Digital currencies are gradually becoming a viable payment option across jurisdictions and markets. In a world dominated by traditional payment systems, a crypto debit card is a tool that can expand digital coins’ usability significantly. More platforms are providing Bitcoin enthusiasts with FinTech products.
BitPay users across US states can enjoy a convenient way to spend their cryptocurrencies in-store and online. Its prepaid Visa card is linked to a crypto wallet that supports quick conversion from BCH and BTC to USD and local fiat currencies outside the nation.
BitPay’s crypto card is exclusive to US residents. A valid government-issued ID, home address, and social security number are required to apply. There is a $9.95 fee that covers issuing cost and a $5 dormancy fee per month following a 90-day inactivity period. A 3% conversion fee is applied every time the card is utilized outside the US. ATM withdrawals cost $2 in the US and $3 overseas.
Another card available in the US is Shift, which lets users connect to their Coinbase and Coinbase pro accounts. The card itself is $20 and has no maintenance fee. It charges a 3% commission on international transactions. ATM withdrawals cost $2.50 in the US and $3.50 abroad. Shift only supports BTC and provides fee-free BTC to USD conversion.
Wirex is the top choice for several Europeans. The UK-headquartered startup issues both physical and digital Visa debit cards. The plastic version comes with a PIN and chip. They are presently available to citizens of the European Economic Area (EEA), where Iban support has been introduced for EUR accounts. The company intends to offer its services to Asian and North American markets too.
Users can load the card with BTC, ETH, XRP, LTC, and waves. Cardholders can also spend USD, British pounds, and euros. A $1.50 card management fee is paid by Wirex users every month. ATM withdrawals cost $2.50 in Europe and $3.50 elsewhere. A 0.5% crypto cashback in BTC is given as a reward for in-store purchases.
British firm Revolut also offers up to 1% cashback in crypto for payments made using its Revolut Metal card. For less than $16 per month, the premium service allows clients to pay in over 150 fiat currencies and access five major coins—BCH, BTC, XRP, LTC, and ETH. The contactless card comes with fee-free ATM withdrawals up to €600 monthly and can be used anywhere Mastercard is accepted.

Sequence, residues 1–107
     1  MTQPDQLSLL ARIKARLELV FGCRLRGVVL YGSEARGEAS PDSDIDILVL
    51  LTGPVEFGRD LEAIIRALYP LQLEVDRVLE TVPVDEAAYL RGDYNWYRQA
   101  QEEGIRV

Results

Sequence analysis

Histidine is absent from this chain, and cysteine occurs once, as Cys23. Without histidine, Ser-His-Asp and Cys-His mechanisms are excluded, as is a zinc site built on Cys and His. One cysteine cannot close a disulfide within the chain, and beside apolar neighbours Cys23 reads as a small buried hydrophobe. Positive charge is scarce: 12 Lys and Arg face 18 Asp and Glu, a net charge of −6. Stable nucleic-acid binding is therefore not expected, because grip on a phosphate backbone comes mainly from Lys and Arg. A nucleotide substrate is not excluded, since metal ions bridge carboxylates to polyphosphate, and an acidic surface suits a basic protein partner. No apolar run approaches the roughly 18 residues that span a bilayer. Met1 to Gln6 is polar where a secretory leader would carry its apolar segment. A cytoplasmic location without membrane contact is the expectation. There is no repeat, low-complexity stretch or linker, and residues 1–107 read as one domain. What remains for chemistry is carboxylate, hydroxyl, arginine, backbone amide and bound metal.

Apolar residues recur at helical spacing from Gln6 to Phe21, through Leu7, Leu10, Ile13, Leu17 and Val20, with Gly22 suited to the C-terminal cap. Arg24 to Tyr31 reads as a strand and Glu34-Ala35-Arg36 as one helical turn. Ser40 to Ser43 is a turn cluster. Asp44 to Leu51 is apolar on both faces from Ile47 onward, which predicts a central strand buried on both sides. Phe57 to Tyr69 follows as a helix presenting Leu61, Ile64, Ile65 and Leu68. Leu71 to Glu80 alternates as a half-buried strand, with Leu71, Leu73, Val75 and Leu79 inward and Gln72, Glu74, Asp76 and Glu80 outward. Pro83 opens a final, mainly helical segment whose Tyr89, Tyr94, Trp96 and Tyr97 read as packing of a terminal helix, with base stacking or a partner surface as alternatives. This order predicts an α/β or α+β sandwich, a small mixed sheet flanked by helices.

Cryptopay also offers a card in both digital and physical form. The latter includes a chip and costs $15. Presently, the contactless card is available only in Russia, where it has a monthly service fee of 65 Russian rubles and a 1% loading fee. The firm is planning to launch its card to Singapore. It supports ETH, XRP, LTC, and BTC. A $2.50 fee is applied to teller machine withdrawals and a 3% commission is charged per exchange transaction.
In recent months, several FinTech startups and payment providers have launched new crypto debit cards. These platforms attempt to attract the attention of cryptocurrency users worldwide and establish themselves as alternatives to well-established products.
Crypto payment card project FuzeX selected BCH as its base digital currency. It also supports its FXT token and ETH. FuzeX cards are presently offered to residents of the APAC region and Europe. The physical card comes with an EMV chip, a barcode display, and is NFC payment enabled.
In October, Hong Kong-based Crypto.com announced that it is starting to ship its MCO Visa cards to Singaporean clients. The prepaid cards are tied to a mobile wallet, which enables holders to purchase, sell, send, store, and track digital coins such as its MCO tokens, Binance’s BNB token, ETH, BTC, and major fiat currencies.
Aximetria issues a debit card linked to a crypto wallet that became available to Russian customers last year. The Switzerland-headquartered startup said in November that its platform supports ETH and BTC which can be utilized for offline and online payments through instant conversion to fiat. The firm is collaborating with Cex.io. The card may be ordered from its iOS application.